A mud-walled town, narrow streets, a mosque, stands of fig trees in irrigated fields, a boy herding three goats and four younger siblings, all moving by so fast that they seemed frozen in stop-motion. Four fat geese and a sharp turn around a windowless shade. A steep traverse into a wadi, and a climb back up the other side, fat tires crunching over boulders the size of a child's head. They topped the wadi and came out on a flat plateau, no shelter, no stands of trees, hours of daylight left. The long silver snake of a pipeline led southeast. A road, or at least a well-tended track, ran beside it. Balthazar put the pedal down and they lumbered toward Damascus at a hearty fifty miles an hour, the bus swaying on its strange suspension and the doves cooing startled protests.

  "Eee-hah!" Croyd yelled. "I like this!"

  "Don't mind it myself," Balthazar said.

  Zoe unfolded her new kilim to tuck over her lap. They reached the Euphrates again and went south along its banks for half the night.

  The campsite was a stand of date palms, their fronds rustling in the night wind. The camp was below the roadway, near the level of the river, but the bus couldn't be seen from the road and a little ridge gave a good view to the east. Zoe helped Balthazar set up the tent while Jan and Croyd unloaded the sleeping bags from the bus.

  "I'll sleep outside," Zoe said. "You and Jan can have the tent."

  "Ma'am?" Balthazar asked.

  There wasn't going to be any graceful way to phrase this. Balthazar would understand or he wouldn't. "You're alive. Jan's alive. That could change any minute. Love her. Let her love you. Its okay, Balthazar."

  "Have you talked to Jan?" he asked.

  "I'll let you do that." Zoe smiled at Balthazar and turned away.

  She spotted Croyd pacing the ridge about a hundred yards from the camp and went to intercept him. They sat for a long while, watching the river, the trees, the broken little hills. The stars were very bright.

  Now and again, the walls of the tent glowed with a firefly light.

  Croyd talked. He got up at times and paced back and forth, and he never stopped talking.

  "Algebra," he said. "Zoe, do you know these people invented algebra?" He waved his hand at the empty landscape. "They even invented the zero. Can you imagine inventing a zero?"

  Zoe shook her head, realized Croyd couldn't see the motion because she was sitting by the brazier with her sleeping bag pulled up over her head. "No," she said, a garbled no that was mixed with a yawn.

  "Do you think they're lying about Rudo?"

  "I don't know. I think the Fists would lie if they thought they needed to."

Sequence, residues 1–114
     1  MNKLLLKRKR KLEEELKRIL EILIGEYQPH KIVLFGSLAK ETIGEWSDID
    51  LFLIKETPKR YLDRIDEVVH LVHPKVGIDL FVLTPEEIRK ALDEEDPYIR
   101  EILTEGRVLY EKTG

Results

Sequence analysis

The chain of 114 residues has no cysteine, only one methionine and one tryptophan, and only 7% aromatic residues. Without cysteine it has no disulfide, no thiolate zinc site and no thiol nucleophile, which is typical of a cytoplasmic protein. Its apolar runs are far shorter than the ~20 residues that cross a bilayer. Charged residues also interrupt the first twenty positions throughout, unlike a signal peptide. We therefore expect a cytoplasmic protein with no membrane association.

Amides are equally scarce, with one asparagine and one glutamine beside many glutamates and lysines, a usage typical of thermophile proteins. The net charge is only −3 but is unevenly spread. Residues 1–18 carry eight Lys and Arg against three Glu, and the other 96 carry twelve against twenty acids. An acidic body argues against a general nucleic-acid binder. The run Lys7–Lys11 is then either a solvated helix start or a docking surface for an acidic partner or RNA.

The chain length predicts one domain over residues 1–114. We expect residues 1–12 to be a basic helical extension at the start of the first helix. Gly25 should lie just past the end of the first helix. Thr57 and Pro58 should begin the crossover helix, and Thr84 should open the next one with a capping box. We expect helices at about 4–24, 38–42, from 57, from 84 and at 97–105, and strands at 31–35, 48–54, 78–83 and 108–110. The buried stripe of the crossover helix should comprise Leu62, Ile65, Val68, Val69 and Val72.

"That's no answer."

  "There's a bomb in the pump. They aren't lying about that."

  "How do you know?"

  "I can sense molecular structures, Croyd. There's a big heavy dose of fissionable stuff in there. Really."

  "Then maybe they'll get Rudo for me. I have to believe that, I guess. Or I could just go to sleep somewhere and try to get back to New York."

  "I wouldn't go back," Zoe said. "No way." She yawned again.

  "You're tired. Rest. Sleep. I'll be quiet." Croyd fiddled with the last of the coals in the brazier and didn't say anything for a while. Zoe drifted into half-sleep, dreaming of Spanish dancers with castanets. They whirled around and around, and under the black lace of their mantillas their faces were white bone -

  "Zoe?" Croyd whispered, his lips close to her ear.

  The castanets were palm fronds, clicking in the night's wind. She jumped, "Guess I was drowsing," Zoe said.

  Croyd kissed her. It was a hungry kiss, a speedy kiss. It roused her to total alertness. She got her sleeping bag unzipped with one hand and pulled Croyd in with her. It was a single bag. They were a tight fit. She wondered if Croyd had waked Balthazar to stand watch, but the thought wasn't a high priority at the moment. She tried rolling on top. That was fun. The knot on the waist of her trousers was proving difficult, and she giggled, trying to keep her voice quiet.

  A bright, orange blossom flared behind the date palms. The shot struck the bus, a sound so loud it was a white gap in her ears. She heard a zinging richochet.

  Croyd's foot kicked at her shoulder as he backed out of the sleeping bag at near-light speed. Zoe embraced the sand beneath her and found she was worming her way toward the tent, flat on her belly.

  Had they hit the bomb?

  It wouldn't blow up. The Permissive Action circuitry was coming to Jerusalem in a different package, or so Snailfoot had told them. Even if you shot through the metal casing around the damned thing, or cracked it open, all that would happen would be that a few pounds of fissionables would get scattered around.